Thursday, June 09, 2011

Labor Pains


Hi Meltingpot Readers,

So I promise this blog won't dissolve into a pregnancy journal, but sometimes I'm just going to have to talk about this very life altering event that is about to happen to the Kinky Gazpacho family. New babies are a big deal. But honestly, I'm not even at the new baby part. I'm still just trying to wrap my mind around the fact that I'm going to have to go through labor one more time.

Dear readers, I'm going to be honest with you. During both of my previous labors I completely lost my ish. I screamed. I cried. I mooed like a cow. I gave up in the middle and tried to go home. I was in so much pain and agony, I swore I'd never get pregnant again. But, like sands through the hourglass, or some other cliche, here I am again, facing that same marathon of labor where the prize at the end is pushing a freaking watermelon out of a pinhole!

But, I'm older now and wiser. I know better. And I want to do better. I've been investigating hypnosis for birth and am trying very hard to believe in the concept of a pain-free birth. But I've been there, done that and can't imagine that all of that pain I experienced was all in my head and that with just the right relaxation techniques it will all melt away. And I know with that kind of skepticism, I'm not going to get very far. But here's the thing, in all of my reading about hypno-birthing and pain-free/drug free childbirth, there is this glorification of women in third-world countries -- mostly in Africa-- who don't fear labor and somehow give birth with hardly a second thought. Conversely, the idea is, that we pampered first-world women make labor a horrifying experience because we drank the collective Kool-Aid that brainwashed us into thinking labor must be painful and must be dealt with a massive dose of drugs.

Well, the last time I checked, many women in third-world countries die during childbirth. And the ish hurts as much there as it does here. I don't buy the glorifying poverty as an example to model. I just don't. But I do believe there must be some truth to the idea that getting rid of fear must make the birth experience more tolerable. And by the way, I've never used drugs during childbirth and don't plan on it.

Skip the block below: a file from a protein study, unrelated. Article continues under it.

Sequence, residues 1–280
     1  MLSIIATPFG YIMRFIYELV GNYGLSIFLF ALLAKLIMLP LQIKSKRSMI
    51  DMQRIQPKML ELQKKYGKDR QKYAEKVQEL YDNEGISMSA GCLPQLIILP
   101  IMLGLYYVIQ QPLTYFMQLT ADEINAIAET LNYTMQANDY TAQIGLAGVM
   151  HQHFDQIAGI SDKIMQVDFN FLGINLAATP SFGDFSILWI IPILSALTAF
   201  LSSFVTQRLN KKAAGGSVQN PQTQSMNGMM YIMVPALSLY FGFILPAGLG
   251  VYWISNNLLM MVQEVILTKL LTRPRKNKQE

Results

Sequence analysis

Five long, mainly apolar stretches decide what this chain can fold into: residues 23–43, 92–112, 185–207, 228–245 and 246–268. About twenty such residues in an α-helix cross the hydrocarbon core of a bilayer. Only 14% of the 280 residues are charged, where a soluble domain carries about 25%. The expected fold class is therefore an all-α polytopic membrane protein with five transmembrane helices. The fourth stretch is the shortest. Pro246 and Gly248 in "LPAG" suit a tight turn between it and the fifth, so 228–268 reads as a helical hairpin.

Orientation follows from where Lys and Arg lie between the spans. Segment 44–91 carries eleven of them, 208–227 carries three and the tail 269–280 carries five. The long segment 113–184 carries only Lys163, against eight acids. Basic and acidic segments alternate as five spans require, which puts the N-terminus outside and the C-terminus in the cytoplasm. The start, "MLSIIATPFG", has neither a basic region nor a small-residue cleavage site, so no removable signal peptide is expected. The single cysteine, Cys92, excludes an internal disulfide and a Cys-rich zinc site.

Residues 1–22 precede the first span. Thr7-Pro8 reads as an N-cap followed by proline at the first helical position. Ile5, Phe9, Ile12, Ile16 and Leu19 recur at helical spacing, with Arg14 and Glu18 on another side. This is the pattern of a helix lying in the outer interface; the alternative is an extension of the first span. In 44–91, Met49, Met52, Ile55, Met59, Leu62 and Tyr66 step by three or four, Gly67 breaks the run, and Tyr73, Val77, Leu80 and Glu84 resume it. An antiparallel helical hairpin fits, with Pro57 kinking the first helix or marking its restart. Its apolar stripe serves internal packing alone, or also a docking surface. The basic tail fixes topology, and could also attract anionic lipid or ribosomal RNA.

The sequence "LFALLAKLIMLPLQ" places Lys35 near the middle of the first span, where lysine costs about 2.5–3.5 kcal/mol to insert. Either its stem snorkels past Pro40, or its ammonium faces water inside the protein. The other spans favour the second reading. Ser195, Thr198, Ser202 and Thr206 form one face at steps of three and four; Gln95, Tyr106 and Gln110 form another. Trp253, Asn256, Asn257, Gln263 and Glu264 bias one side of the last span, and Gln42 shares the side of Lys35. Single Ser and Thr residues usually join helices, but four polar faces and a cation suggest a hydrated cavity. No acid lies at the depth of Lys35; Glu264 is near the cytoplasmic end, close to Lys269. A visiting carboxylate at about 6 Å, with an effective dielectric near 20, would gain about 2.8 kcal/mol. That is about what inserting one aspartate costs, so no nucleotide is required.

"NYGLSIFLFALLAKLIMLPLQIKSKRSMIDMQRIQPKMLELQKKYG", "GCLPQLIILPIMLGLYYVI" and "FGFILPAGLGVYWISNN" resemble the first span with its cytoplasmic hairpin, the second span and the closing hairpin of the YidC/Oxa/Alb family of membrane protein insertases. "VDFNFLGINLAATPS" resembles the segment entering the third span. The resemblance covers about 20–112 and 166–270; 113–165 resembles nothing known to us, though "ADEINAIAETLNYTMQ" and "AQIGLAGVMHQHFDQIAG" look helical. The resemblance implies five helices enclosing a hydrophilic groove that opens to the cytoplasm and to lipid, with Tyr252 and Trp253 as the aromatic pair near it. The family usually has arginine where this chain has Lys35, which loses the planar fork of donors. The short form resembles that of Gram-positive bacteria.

What do you think Meltingpot readers? Do women in poorer countries know more about birthing babies in a pain-free way? Or is that just stereotype and heresy? Is a pain-free labor even possible? Is hypno-birthing worth the effort? I'd love to hear your thoughts on this one.

Peace!

(p.s. don't you love the photo?)

5 comments:

The Lady Dee said...

Stereotype and heresy!!!!

Anonymous said...

“ …I gave up in the middle and tried to go home….” That is hilarious!

I do not have any children so I do not have any wise recommendations. However, I found one interesting abstract (J Obstet Gynaecol. in 2006 May;26(4):329-31) regarding this topic.

It is a cross-sectional study done at a Nigerian teaching university (University college hospital Ibadan). Its primary goal was to assess the effect of westernization (using educational attainment as a proxy) on childbirth pain perception. Its findings include the highest pain scores among ethnic groups other than the predominant ethnic group (Yoruba) and the lowest scores among those with no formal education. Its conclusion is that westernization through education tends to increase perception of childbirth pain.

Psychological factors seem to play a major role in childbirth pain. So hypnosis may work… A big guess!

-Mi

Desertflower said...

I do love the picture!
During the process of giving birth, he hipbones are spread apart. This is painful and there's no way around that!

My thoughts are that poor wo,em walk more and thus get more exercise which in turn brings the baby down and inperceivably starts that opening phase. Also I've always thought that the most unnatural position for a woman to give birth in is to be flat on her back on a gurney! In the majority of slow labor cases I've seen,if the woman is able/allowed to get up and walk, the baby is born immediately after and less painfully.

LT said...

Lady Dee,
Thank you.

Anon,
Thanks for the resource and info. I appreciate it.

DF,
Great info! Thanks for sharing.

Waiting for Zufan! said...

Amazing, amazing photo. LOVE that, was going to mention it in a comment even before you noted it at the end.

Congratulations (again, if I said it before)! And I have no advice for you. It is horrible, for anyone, everyone, sometimes bad and sometimes worse. That's my take, after having two "natural" births, the first one supposedly perfect. Yeah right.

Anyway... Exercise a lot. That's my advice. Actually, that -- running, or exercise in general -- is my solution for EVERYTHING, so take it for whatever you think it is worth. :)